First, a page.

1961 Vega "Pete Seeger" Longneck 5-String Banjo

From doing sound for events in Hancock, VT, I've gotten to know some of the extended Seeger family up this way. They're all wonderful and dang do they keep busy. This is true.

This banjo is owned by Mr. Tony Seeger, nephew of the famed Mr. Rainbow Quest Pete himself, and it was gifted to Tony after he graduated, so goes the family gossip. It's a '61, Boston-made instrument and has nice, vintage-style appointments -- a dowel-stick construction through the rim and Tubaphone tonering being the main "lusty-looks" ones. 

Of course, it also has the absurdly-long neck with its 32 1/8" or so scale length as well, allowing a standard set of banjo strings to tune down to open E below normal G pitch as its "standard" tuning. That makes it a heck of a lot easier to play with guitar and then capo into whatever key you need to pluck along with folksingers and their wants.

I may have been after Tony to get it refretted for a few years, now. He's played the heck out of this instrument. The frets in the center of the neck looked like they'd been in a war zone and meant that the action had to be higher than necessary to get clean notes out of them when slipping the capo on and off.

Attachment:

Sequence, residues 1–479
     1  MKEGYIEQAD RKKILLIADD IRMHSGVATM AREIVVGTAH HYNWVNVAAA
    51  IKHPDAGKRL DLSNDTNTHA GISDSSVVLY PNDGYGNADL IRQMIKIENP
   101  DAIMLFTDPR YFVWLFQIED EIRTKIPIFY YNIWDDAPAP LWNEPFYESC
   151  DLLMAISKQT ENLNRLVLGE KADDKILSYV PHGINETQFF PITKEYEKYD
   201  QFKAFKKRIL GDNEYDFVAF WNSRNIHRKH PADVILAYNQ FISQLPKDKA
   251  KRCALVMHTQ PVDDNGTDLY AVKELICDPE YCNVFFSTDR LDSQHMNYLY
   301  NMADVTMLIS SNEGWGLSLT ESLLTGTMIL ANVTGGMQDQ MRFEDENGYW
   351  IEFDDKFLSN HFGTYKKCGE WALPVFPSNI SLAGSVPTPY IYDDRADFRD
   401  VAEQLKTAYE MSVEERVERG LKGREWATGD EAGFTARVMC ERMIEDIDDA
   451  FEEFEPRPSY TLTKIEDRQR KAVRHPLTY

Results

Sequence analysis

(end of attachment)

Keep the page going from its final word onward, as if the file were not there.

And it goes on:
Thankfully, he let me have it here for some time so I could get-around to refretting it. Post-refret and a fresh setup, it's sounding rich, full, and muscular again. I mean -- these are great-sounding tonerings. A lot of people expect an "old time' tonering like a Tubaphone to be mellow and sultry or something, but that's purely because most people using them these days don't crank the head down tight "as god intended" or stick massive piles of damping material behind the dowel. When these are played "wide open" they're bright, poppy, driving, and loud as a Lange. It's good stuff and perfect for leading folksongs in a group setting.

And -- let's admit it -- that's where this belongs.

So -- thank you Tony for letting me borrow it for a bit. It put a smile on my face to hear it back in order again. Also -- folks, do check out his conversations on YouTube via his ethnomusicology work at UCLA. I got sidetracked into a few of them while I was working on this the other night. That's also good stuff.


Rob Gardner said…
I used to own one of these that had once belonged to Mike Seeger. It was a conversion, whose neck was extended with a scarf joint. Great tone ring, but altogether I could never really get used to the long neck, so I sold it. I have played the guitar behind Tony (world's nicest guy) while he played this banjo and it is peppy for sure. Nice to see it get the Jake Wildwood rejuvenation treatment to come back to its full glory.